If you suffer from a chronic lung condition, your doctor has probably run various lung tests to help with diagnoses and treatment plans. Each one is important and plays a different role in the continual monitoring of your lung health. Two such tests are spirometry and peak flow tests. Let’s take a look at the differences and the data each one provides.

What Does a Peak Flow Meter Measure?

A peak flow meter’s purpose is to measure an individual’s overall lung capacity. To measure your peak flow, you close your lips around a device with a tube, an arrow, and numbers. You exhale slowly and forcefully. The arrow then moves to a number to indicate your peak flow level. While a “normal” number varies from person to person, a peak flow meter helps you understand where your personal “normal” is. If that number begins shifting, you should notify your doctor to develop a treatment plan.

Generally speaking, the higher your peak flow, the better. A decreased peak flow rating may indicate worsening lung conditions. It is important to take note of triggers that could be lowering your peak flow rating (e.g. weather, exercise, stress, etc.).

What Does Aluna Measure?

Your Aluna spirometer tracks a different measurement known as your FEV1%. “FEV1” indicates your “forced expiratory volume in one second.” Essentially, you inhale, then exhale into the spirometer as quickly as possible. Your Aluna device measures how much air you exhale in a second, then assigns you a percentage. The percentage indicates where your results fall compared to others of the same age, size, and sex.

An FEV1% of 80% is considered average. Although FEV1% is based on averages, remember that your normal score is exactly that. Even if you fall below 80%, that could just be your “normal.” Those who use Aluna set their benchmark during onboarding. With consistent use, a pattern will emerge giving doctors better insights regarding your lung health.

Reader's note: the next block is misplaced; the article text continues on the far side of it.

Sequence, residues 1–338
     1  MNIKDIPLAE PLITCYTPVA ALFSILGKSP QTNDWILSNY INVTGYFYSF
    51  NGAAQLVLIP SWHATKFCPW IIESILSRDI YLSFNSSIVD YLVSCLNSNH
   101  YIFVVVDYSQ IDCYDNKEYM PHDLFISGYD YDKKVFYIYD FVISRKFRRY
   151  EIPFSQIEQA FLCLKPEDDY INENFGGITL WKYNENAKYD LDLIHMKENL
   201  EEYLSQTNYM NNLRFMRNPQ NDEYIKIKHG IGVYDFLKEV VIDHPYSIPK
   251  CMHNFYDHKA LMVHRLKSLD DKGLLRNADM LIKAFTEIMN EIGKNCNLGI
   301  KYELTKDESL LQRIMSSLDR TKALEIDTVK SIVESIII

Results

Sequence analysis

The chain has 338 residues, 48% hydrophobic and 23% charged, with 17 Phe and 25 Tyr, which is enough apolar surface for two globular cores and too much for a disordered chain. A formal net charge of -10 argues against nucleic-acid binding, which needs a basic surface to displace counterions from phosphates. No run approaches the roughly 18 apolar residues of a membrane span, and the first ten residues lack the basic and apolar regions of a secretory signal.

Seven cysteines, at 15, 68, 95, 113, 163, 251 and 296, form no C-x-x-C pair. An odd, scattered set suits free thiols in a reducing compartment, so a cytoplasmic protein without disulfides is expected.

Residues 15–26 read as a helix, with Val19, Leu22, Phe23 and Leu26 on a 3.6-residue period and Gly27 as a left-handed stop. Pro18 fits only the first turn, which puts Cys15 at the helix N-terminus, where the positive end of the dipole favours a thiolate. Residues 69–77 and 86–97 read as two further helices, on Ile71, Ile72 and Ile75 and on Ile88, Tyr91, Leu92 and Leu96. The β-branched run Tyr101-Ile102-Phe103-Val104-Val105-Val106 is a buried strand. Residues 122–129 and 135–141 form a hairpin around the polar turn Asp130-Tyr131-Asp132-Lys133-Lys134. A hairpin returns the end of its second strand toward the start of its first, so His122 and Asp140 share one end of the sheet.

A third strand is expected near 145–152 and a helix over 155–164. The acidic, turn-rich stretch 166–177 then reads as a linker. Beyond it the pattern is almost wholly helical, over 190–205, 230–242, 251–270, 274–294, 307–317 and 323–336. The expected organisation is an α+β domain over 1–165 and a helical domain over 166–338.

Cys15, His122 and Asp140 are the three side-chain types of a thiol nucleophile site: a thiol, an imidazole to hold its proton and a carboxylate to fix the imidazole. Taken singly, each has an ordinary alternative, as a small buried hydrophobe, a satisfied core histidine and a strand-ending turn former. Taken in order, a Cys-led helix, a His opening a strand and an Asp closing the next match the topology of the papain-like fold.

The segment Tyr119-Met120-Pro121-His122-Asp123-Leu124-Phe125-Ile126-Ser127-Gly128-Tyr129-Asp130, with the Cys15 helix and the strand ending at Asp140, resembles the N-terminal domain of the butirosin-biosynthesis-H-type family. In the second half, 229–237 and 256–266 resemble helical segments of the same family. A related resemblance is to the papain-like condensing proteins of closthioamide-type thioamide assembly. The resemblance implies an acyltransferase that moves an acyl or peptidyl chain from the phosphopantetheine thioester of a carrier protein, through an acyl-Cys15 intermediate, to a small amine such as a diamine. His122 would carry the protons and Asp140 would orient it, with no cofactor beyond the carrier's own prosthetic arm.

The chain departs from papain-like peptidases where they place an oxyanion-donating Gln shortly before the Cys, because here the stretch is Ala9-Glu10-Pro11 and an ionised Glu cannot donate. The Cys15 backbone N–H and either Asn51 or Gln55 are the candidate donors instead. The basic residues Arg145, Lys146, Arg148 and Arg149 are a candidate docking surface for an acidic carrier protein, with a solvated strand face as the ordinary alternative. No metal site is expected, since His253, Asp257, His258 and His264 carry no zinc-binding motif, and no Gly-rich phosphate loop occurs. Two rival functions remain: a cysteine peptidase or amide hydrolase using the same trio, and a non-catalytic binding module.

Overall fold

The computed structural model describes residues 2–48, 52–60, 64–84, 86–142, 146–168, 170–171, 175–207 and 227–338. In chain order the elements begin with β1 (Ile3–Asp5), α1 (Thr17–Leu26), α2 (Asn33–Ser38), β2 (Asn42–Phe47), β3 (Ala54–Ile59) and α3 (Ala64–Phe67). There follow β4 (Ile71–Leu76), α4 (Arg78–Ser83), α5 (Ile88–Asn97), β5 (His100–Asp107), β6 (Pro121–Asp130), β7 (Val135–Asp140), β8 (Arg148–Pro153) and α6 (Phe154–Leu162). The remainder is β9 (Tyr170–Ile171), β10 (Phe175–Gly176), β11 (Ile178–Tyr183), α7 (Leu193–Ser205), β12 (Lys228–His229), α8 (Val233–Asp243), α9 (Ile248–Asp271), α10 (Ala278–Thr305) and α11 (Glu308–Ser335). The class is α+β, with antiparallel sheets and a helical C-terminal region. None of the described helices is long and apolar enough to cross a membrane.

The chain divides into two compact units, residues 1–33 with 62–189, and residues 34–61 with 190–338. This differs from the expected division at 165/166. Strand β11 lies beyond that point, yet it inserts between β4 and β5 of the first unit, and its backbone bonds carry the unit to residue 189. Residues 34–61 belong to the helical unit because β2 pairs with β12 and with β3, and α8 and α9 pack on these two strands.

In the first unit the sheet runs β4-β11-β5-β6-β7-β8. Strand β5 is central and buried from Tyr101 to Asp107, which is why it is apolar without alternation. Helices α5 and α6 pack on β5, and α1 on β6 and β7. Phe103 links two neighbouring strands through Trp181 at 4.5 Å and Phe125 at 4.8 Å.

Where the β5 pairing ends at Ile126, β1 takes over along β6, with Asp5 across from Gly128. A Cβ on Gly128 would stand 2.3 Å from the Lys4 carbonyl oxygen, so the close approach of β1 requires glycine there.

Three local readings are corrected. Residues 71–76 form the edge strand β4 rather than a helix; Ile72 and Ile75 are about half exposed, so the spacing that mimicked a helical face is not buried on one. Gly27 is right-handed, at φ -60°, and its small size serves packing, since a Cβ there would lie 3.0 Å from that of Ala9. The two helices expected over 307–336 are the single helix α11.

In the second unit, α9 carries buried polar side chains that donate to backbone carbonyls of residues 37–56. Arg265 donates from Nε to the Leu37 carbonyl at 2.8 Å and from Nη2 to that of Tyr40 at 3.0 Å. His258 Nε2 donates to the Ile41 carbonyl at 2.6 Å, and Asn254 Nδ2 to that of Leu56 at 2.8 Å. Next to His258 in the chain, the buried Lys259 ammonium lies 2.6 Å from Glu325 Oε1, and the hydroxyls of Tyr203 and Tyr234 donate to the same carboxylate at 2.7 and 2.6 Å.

FEV1% is not a test you can fail. It merely provides extra insight as to the normal state of your health and how that state correlates to your symptoms, triggers, and to others with the same condition.

Which One is More Important?

As already mentioned, each type of lung test plays an important role in maintaining control over your lung condition. Your peak flow rating and FEV1% provide important information for both you and your doctor. However, they produce slightly different benefits.

Your peak flow rating offers the following information:

  • Indication of your “safe zone” as well as your “danger zone”
  • Your overall lung capacity
  • The gradual incline or decline of your health (if applicable)
  • Possible lung triggers (based on correlation)

Likewise, your FEV1% offers the following information:

  • Where you fall in relation to others with the same lung condition and personal traits
  • Your “average” personal percentage
  • Small differences between your percentages from day-to-day
  • Possible lung triggers (based on correlation)

What is Aluna?

Aluna is an innovative, scientifically-accurate, and portable spirometer cleared by the FDA.

This device and management program is designed to help adults and children, 5 years and up, monitor their lung function and take control of their respiratory health.

Aluna automatically tracks your FEV1% over time. You can also monitor your symptoms, medication, exercise, and environmental factors.

With the Aluna app, you can easily share your lung health data with your healthcare professional.

Aluna is seeking to shed light on asthma and other lung diseases by providing accurate and reliable data for healthcare providers and patients.

Be sure to ask your healthcare professional about Aluna and how this device can benefit you.

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Aluna Portable Digital Spirometer

Use Aluna daily to track lung health. In addition to collecting FEV1 and PEF data, Aluna tracks symptoms, logs medication intake, and exports data directly to a doctor.

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